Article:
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#147905 - 09/22/06 01:09 AM Re: M22 Question [Re: Hutzal]
JohnK Offline
shareholder in the making

Registered: 05/11/02
Posts: 10359
Robb, the point is to have the sound from the mains and the center reach the listener at the same instant. If this is done from positioning alone, the center speaker should actually be slightly farther back in order to be the same distance as the mains, but one doesn't have to rely on positioning alone; the receiver has distance settings for setting up the speakers which can adjust for a center speaker which is closer by delaying it slightly. So, this isn't a reason not to have the center speaker slightly overhanging the edge of whatever supports it.

Again, my preference is for the wider and smoother horizontal dispersion of a vertical center speaker, as compared with most(all?)horizontal configurations. I'd use M22s all across the front and put the rack wherever else was convenient.
_________________________
-----------------------------------

Enjoy the music, not the equipment.



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#147906 - 09/22/06 02:55 AM Re: M22 Question [Re: JohnK]
BrenR Offline
connoisseur

Registered: 12/10/03
Posts: 3602
Loc: Winnipeg MB Canada
JohnK - you find a vertically oriented centre to be superior in horizontal dispersion? Really?

I did some testing with an M22 and an M3 against my VP150 and found the dialog sweet spot a LOT wider with the Vocal Point.

Bren R.

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#147907 - 09/22/06 10:28 AM Re: M22 Question [Re: JohnK]
Hutzal Offline
connoisseur

Registered: 07/26/06
Posts: 2102
Loc: Hollywood. (Canadian @ <3)
Quote:

Robb, the point is to have the sound from the mains and the center reach the listener at the same instant. If this is done from positioning alone, the center speaker should actually be slightly farther back in order to be the same distance as the mains, but one doesn't have to rely on positioning alone; the receiver has distance settings for setting up the speakers which can adjust for a center speaker which is closer by delaying it slightly. So, this isn't a reason not to have the center speaker slightly overhanging the edge of whatever supports it.

Again, my preference is for the wider and smoother horizontal dispersion of a vertical center speaker, as compared with most(all?)horizontal configurations. I'd use M22s all across the front and put the rack wherever else was convenient.




Do you use 2 M22s for the centre channel? I looked at my diagram and figured out that I can put the AV rack in the corner in front of the sub (if the sub goes in that corner) because the sub will be facing the wall anyway so I can have access to the controls.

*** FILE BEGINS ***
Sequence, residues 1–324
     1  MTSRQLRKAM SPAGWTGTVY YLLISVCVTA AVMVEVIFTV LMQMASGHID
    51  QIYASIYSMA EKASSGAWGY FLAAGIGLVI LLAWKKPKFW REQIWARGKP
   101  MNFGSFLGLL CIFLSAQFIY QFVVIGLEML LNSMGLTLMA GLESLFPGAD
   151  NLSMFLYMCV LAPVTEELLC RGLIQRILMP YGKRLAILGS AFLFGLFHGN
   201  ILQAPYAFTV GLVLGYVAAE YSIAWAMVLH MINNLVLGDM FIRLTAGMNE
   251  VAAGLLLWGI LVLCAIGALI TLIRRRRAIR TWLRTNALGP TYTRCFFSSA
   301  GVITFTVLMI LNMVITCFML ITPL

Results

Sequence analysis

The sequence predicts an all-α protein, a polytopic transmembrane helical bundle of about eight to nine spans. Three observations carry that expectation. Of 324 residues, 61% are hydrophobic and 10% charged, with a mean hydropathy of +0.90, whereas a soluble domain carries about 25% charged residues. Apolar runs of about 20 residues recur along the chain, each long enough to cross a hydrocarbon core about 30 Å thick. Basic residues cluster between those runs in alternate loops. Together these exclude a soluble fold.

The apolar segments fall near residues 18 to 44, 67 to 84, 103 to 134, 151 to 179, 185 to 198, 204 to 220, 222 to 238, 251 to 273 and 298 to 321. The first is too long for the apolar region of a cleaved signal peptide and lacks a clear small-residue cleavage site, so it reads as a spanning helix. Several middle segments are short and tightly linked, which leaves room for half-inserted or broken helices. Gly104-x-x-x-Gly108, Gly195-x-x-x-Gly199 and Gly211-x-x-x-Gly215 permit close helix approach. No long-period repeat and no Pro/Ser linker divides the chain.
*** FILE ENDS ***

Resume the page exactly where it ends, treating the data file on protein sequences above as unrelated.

I'll make it a 20" x 20" rack as high as I need it. So its all good.

-Hutz
_________________________
Producer | Composer
www.robbhutzal.com

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#147908 - 09/23/06 04:21 AM Re: M22 Question [Re: Hutzal]
JohnK Offline
shareholder in the making

Registered: 05/11/02
Posts: 10359
No need for two center M22s, Robb; one does the job.
_________________________
-----------------------------------

Enjoy the music, not the equipment.



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#147909 - 09/23/06 10:40 AM Re: M22 Question [Re: JasonEuc]
alan Offline
connoisseur

Registered: 01/29/02
Posts: 3186
Loc: Toronto/New York/Dwight
JasonEuc,

Your understanding is way off. Loudness, as measured in dB SPL (Sound Pressure Level) and our subjective perception of what constitutes "somewhat louder," "clearly louder," and "twice as loud" is complicated and is not calculated by simply multiplying the decibels arithmetically.

A 3-dB increase in loudness most listeners describe as "somewhat (or a bit) louder"; a 6-dB increase as "clearly louder"; and roughly a 10-dB increase as "twice as loud".

Wall-mounting the M22s increases their lower bass output below 100 Hz by as much as 9 dB, according to Ian's measurements. That is heard subjectively (and I heard it in the blind tests) as the lower bass in the 40 Hz to 80 Hz range sounding about twice as loud, especially in the lower octaves where the M22s on stands normally roll off (gradually decline in output).

The decibel is a source of great confusion because everyone at first assumes there is an arithmetic relationship between power in watts and a speaker's sound output in decibels. I've written about this at greater length in the Axiom newsletter archives.
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Alan Lofft,
Axiom Resident Expert

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